|-||Xbox 360||PlayStation 3|
|Install||6.2GB (optional)||2.7GB (mandatory)|
|Surround Support||Dolby Digital||Dolby Digital, DTS, 5.1LPCM|
Given the potential for fitting the Aliens universe into a suspenseful first-person adventure, the firm but fair Eurogamer score for Aliens: Colonial Marines comes as dismaying news, but perhaps we should have seen the fire on the horizon. The signs of development hell are writ large when a game's first unveiling dates back over half a decade and where the studio credits are divided across four separate offices. In this case, we see Gearbox Software at the heart of the game's lengthy span of development, while segments of the solo campaign and multi-player are outsourced to TimeGate Studios and Nerve Software, respectively. The journey towards nailing a final release date has been described by one former Gearbox employee as "a total train wreck" though the jury is still out on the condition of the Wii U version, currently being handled by Demiurge Studios.
So what have we got? The game is built around Unreal Engine 3, with a modified renderer plugged in to allow for a more advanced dynamic lighting system. An early tech demo from E3 2011 showed this idea had real relevance to the tone of the films, especially when navigating around dark wastelands armed with just a flashlight to show the way. In a well-considered fusion of art and tech, designs of planet LV-426 were handed over by the film's original concept artist, Syd Mead, and backed up in this fashion by stencil buffers to cast stark shadows wherever you looked - a method that may call to mind other claustrophobic corridor-based shooters, such as Doom 3 or FEAR.
From a level design standpoint, the source material is clearly well-studied, and the look of the umbilical bridges leading from the Sulaco spaceship, plus the spindly xenomorph egg chambers, impress on first sight. However, technical issues with the game bubble to the surface quickly once these areas are filled by skittish marine allies and weightless alien AI - all of which suffer from collision glitches around the environment.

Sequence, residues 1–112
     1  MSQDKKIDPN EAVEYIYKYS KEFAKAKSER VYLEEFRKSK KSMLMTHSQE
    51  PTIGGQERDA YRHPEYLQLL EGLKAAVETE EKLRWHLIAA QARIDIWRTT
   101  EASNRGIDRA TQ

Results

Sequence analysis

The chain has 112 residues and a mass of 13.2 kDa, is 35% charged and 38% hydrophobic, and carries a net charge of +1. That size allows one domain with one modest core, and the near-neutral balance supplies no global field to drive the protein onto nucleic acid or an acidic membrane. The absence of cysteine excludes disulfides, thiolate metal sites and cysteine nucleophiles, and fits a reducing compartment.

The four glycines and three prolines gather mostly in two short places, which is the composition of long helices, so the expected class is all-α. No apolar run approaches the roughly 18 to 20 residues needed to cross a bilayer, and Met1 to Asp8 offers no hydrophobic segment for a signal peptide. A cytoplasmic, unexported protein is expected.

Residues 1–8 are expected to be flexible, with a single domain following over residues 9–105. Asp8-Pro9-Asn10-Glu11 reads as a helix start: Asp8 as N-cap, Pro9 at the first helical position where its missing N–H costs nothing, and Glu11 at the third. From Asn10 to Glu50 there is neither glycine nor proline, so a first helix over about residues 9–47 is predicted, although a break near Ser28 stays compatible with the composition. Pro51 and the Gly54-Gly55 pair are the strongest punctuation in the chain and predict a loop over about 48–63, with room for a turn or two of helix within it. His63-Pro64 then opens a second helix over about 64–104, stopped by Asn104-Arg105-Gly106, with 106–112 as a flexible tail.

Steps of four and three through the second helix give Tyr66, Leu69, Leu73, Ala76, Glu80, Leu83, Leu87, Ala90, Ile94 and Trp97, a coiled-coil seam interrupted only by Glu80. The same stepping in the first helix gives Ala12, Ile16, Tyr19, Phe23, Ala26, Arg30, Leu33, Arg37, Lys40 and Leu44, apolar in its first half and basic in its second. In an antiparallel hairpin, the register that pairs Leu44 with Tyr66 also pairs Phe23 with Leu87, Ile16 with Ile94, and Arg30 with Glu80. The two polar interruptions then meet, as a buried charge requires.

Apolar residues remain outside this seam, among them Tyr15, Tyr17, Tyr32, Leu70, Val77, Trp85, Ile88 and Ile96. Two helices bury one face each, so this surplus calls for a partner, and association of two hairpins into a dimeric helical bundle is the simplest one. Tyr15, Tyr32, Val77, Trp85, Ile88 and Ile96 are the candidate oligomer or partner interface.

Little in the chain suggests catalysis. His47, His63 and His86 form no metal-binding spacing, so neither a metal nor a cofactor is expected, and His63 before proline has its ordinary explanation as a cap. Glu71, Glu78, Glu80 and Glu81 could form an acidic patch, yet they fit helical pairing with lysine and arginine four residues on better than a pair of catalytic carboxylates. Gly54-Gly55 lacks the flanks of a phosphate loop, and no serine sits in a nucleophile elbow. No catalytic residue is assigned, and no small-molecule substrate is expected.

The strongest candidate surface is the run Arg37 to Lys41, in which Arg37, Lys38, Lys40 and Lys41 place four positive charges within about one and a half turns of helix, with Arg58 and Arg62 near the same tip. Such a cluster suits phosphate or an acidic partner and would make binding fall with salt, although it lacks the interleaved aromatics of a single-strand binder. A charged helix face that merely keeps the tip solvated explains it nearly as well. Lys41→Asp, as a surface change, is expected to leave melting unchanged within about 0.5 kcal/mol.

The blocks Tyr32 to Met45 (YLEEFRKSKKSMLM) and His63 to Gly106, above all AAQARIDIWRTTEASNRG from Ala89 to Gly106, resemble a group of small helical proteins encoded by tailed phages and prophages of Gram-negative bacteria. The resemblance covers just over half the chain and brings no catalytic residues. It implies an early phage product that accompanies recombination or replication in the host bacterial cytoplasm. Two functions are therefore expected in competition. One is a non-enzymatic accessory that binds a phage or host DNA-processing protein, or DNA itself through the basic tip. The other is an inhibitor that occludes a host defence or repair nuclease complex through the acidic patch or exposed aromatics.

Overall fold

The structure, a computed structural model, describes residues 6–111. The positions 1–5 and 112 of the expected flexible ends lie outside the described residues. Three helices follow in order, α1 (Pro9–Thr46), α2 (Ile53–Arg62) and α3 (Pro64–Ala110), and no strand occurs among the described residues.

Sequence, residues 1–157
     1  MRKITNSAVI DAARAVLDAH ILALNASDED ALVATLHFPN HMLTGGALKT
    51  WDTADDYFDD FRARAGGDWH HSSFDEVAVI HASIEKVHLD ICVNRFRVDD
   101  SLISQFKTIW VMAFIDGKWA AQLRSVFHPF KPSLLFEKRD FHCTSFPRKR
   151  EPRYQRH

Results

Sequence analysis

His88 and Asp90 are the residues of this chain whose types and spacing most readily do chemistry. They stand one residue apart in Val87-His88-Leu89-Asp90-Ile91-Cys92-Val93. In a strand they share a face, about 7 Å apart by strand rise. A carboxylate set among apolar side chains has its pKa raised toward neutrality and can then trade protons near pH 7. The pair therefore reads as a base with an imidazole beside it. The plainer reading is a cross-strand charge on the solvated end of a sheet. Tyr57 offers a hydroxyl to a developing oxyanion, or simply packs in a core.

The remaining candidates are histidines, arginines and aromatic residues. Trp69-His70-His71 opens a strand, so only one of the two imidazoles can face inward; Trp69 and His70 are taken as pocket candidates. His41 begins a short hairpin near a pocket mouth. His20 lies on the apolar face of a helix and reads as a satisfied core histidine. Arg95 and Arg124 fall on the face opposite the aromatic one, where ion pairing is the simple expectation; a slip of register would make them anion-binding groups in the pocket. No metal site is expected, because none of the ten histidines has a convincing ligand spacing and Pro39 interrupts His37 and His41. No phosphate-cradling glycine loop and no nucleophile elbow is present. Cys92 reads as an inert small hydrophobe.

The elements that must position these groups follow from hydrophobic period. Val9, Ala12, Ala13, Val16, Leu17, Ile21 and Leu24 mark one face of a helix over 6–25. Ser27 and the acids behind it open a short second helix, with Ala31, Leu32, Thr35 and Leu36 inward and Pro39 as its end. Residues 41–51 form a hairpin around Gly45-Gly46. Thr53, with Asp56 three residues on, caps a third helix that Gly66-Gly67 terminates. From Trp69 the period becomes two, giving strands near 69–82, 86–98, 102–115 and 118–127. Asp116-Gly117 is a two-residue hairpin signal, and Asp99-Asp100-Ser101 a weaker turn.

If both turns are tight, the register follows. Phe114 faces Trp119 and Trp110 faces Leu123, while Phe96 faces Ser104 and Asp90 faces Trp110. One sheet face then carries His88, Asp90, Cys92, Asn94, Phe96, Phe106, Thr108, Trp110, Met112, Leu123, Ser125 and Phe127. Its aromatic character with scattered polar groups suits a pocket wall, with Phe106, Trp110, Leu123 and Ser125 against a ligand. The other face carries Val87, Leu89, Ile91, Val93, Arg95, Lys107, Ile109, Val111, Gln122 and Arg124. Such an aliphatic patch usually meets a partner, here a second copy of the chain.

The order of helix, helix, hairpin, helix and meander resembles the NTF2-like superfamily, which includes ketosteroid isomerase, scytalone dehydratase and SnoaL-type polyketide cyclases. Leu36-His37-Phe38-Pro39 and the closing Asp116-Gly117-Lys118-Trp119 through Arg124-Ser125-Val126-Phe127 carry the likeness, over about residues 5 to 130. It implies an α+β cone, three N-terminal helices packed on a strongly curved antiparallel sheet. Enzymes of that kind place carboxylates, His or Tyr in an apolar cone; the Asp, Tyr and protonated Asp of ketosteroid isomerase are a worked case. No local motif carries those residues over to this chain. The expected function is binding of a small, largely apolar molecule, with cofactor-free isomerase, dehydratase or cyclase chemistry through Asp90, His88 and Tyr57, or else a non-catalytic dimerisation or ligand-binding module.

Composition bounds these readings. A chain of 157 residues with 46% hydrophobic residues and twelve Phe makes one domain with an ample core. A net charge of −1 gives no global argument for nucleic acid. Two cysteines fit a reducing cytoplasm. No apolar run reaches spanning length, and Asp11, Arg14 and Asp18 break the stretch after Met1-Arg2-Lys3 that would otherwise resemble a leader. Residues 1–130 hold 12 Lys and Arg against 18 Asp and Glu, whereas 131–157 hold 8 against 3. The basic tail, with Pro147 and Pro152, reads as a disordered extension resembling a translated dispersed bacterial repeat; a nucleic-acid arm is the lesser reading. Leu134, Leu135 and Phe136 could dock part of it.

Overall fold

So, to see which format makes the best of a bad situation, let's get onto the Face-Off proper. With no sign of even the Wii U version's launch date as of yet, we took one for the team by playing through the 360, PS3 and PC versions in the meantime. As usual, we have our head-to-head videos below to showcase image quality, backed up by a large triple-format comparison gallery.
"A disastrous result on console, the PC version at least offers some significant graphical upgrades that enhance the core atmosphere of the game."
The Xbox 360 and PC versions of Aliens: Colonial Marines directly compared. Use the 720p button for best quality and use the full-screen button mode for display of full resolution.
While the game can have its moments visually, these instances are few and far between. In terms of the overall presentation, the 360 version is without a doubt the worst offender of the three, running at a sub-HD native resolution of 1152x640 with no apparent attempts at conventional anti-aliasing. The engine incorporates post-processing effects such as bloom to hide sharp edges where possible, but this doesn't always blend well with the new lighting system. Instead, the game's environments contrast deeply gloomy environments with long lines of vivid white light, which only exacerbates the problem. Even the fast approximate anti-aliasing (FXAA), offered via a toggle in the PC version, could have saved the day here at a fairly minimal expense to performance.
The PS3 version is also bereft of any supporting AA, but at least runs at a full native 1280x720, avoiding any upscaling artifacts. Sony's platform also commands an advantage for its use of subtler anistropic texture filtering, which avoids the obvious level-of-detail cascades seen on 360. For Microsoft's console, these manifest as three separate lines in front of the player which run equidistantly, blurring the floors and walls as they pass across. Given the 360's advantage in other games founded on Unreal Engine 3 tech, this is a surprising role reversal.